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Topic: A simple TV remote control for Granny. (Read 4722 times) previous topic - next topic

Selby96

Sep 05, 2010, 03:09 pm Last Edit: Sep 05, 2010, 03:37 pm by Selby96 Reason: 1
Well, my mother-in-law actually. Let's call her Hyacinth.

Hyacinth is elderly and suffers from arthritis which restricts her dexterity, and poor eyesight. She was recently forced down the satellite TV route. The problem for her is that the remote control for the satellite box (a Bush BFSAT02SD) has small buttons, small legends, and requires three key-presses to select a channel. She only wants to watch the 'original' four channels of BBC1, BBC2, ITV and Channel 4.

Son-in-law to the rescue.

I tried several large-button 'universal' remotes, none of which could be made to work. So I decided to make her a simple large button remote which would select the required channel with just one key-press.

I have been using the Arduino Duemilanove for some time now, and decided that the ATMega328 would be the basis of the project.

Here is the circuit diagram -



D1 to 4 are any small-signal diodes. R1 limits the IR LED current to 33 mA. R2 holds RESET high. I don't know if this is strictly necessary, but I didn't want to take the chance.


And here is the finished article -



The first job was to learn the codes sent by the remote. There are plenty of sources for how to do this, so I wont go into that. Here are the patterns that I acquired. The waveform represents the bursts and spaces sent by the remote. I noted that the first section was unchanging, so I called this the header. Presumably this is to sync the receiver.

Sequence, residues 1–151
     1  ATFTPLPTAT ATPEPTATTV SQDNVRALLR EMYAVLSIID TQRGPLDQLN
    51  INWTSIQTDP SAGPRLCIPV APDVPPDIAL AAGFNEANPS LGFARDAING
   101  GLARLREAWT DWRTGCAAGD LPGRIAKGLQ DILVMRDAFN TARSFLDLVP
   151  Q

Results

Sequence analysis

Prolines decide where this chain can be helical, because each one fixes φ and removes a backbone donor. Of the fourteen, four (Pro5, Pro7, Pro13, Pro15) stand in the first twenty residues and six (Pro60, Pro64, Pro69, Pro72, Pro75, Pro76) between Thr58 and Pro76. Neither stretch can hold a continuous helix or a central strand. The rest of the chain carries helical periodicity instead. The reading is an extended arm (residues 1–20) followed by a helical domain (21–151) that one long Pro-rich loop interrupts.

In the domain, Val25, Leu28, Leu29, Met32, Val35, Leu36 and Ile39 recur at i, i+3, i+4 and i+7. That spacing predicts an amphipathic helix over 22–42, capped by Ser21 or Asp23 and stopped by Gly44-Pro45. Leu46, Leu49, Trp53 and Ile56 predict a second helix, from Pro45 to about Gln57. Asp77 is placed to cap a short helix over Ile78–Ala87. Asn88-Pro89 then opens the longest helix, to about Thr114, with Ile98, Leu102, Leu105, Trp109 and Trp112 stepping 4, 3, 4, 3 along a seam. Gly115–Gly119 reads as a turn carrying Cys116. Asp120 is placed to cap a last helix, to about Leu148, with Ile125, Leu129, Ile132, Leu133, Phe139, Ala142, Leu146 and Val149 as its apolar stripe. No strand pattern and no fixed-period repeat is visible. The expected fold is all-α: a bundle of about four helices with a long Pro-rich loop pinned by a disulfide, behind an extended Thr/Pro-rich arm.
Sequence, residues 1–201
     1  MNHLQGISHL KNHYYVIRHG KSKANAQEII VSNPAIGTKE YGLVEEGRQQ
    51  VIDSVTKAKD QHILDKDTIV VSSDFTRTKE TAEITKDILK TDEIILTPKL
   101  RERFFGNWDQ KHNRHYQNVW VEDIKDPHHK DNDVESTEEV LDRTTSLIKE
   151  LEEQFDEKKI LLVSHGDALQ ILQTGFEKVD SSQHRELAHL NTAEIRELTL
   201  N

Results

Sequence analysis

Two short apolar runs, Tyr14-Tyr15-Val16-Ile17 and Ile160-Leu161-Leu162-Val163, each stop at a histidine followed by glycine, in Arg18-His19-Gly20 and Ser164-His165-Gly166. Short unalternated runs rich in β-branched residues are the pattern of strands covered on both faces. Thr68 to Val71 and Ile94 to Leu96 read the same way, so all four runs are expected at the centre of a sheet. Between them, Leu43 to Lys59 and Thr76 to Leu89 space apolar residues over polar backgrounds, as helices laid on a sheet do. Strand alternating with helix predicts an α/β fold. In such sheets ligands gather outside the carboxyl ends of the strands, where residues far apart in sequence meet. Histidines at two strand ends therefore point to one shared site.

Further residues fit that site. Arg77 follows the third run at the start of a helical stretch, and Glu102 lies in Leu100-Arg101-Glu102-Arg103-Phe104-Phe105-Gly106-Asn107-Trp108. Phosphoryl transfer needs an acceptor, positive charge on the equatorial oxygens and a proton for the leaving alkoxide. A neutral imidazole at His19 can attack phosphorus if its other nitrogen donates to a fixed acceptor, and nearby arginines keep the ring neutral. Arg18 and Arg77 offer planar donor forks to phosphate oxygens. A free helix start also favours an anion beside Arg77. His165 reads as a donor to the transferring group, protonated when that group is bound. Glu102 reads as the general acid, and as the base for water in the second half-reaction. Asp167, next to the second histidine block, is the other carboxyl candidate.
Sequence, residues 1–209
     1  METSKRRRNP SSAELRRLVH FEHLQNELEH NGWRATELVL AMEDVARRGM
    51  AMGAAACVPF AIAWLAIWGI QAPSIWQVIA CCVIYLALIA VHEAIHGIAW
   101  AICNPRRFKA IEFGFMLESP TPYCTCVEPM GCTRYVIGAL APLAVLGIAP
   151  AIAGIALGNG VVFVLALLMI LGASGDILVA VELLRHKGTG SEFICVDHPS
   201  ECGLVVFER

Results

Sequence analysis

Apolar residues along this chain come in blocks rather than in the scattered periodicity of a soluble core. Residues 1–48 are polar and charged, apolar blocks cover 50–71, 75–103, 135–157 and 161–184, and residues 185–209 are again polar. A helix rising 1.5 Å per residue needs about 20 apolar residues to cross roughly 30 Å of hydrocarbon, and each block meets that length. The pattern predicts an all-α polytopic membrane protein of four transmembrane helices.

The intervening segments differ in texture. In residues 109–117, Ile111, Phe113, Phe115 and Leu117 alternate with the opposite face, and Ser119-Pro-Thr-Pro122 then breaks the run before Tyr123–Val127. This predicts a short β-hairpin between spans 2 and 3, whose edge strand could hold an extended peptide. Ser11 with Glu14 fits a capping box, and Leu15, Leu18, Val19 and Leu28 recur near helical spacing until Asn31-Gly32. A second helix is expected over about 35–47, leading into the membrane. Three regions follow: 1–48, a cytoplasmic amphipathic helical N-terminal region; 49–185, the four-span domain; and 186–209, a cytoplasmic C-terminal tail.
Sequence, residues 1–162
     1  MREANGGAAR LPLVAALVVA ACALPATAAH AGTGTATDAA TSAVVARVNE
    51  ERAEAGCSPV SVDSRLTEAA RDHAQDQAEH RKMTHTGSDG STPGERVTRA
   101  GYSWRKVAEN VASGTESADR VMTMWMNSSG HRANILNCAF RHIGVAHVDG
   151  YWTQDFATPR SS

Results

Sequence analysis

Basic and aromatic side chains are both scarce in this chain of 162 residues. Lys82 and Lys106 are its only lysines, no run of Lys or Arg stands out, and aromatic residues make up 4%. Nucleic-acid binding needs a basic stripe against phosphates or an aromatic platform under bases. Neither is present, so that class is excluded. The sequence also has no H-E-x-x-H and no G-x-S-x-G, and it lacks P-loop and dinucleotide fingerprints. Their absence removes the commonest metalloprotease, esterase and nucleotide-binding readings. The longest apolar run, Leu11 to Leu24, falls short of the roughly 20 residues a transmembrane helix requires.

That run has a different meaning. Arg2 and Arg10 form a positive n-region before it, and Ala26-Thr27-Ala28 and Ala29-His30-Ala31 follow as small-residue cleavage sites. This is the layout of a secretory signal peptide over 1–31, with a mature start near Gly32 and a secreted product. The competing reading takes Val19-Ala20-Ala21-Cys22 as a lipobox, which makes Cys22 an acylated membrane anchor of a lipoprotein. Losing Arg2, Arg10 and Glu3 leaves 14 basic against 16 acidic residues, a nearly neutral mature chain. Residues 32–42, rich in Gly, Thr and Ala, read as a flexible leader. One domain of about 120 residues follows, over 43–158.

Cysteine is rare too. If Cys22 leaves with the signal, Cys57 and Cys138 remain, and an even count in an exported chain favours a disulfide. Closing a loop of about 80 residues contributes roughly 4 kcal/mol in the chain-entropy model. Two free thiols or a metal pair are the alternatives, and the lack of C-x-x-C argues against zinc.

The ATMega code is fairly self-explanatory -
     
Part 1, the setup, is straightforward.

Part 2 - the main loop.
Here I put the device to sleep to save the battery. Pressing any key generates an interrupt to wake the chip, the keys are then read in sequence to see which one was pressed. For example, assuming key 4 was pressed, the device sends a leader followed immediately by the variable sequence for button 1. Next is a ½ second delay followed by the leader and code for button 0. Another delay then the leader and code for button 4.
On the TV screen you will see 1 ? 0 ? 4. Just what's needed.
The device then sleeps again.

The remote needs to be modulated at 38 kHz. The function void sendHF(int y) function achieves this.

The functions sendLeader(), sendOne()....sendZero() all work in the same way.  Apart from the start of leader, all bursts are the same length. Only the space duration varies.

I can't get all the code in one post, so part 2 follows in another post. Here http://www.arduino.cc/cgi-bin/yabb2/YaBB.pl?num=1283692339

Code: [Select]
// *********************************************************************
//   Author:                         Simon Bell. 01/09/2010
//
// This may not be the best way to do it, but it's the way I've done it.
// *********************************************************************

#include <avr/sleep.h>

int ledPin =  13;       // IR LED connected to digital pin 13
int button1 = 4;
int button2 = 5;
int button3 = 6;
int button4 = 7;
int wakePin = 2;        // pin used for waking up

void wakeUpNow()  {     // here the interrupt is handled after wakeup. In this case, do nothing.
}

void trigger(){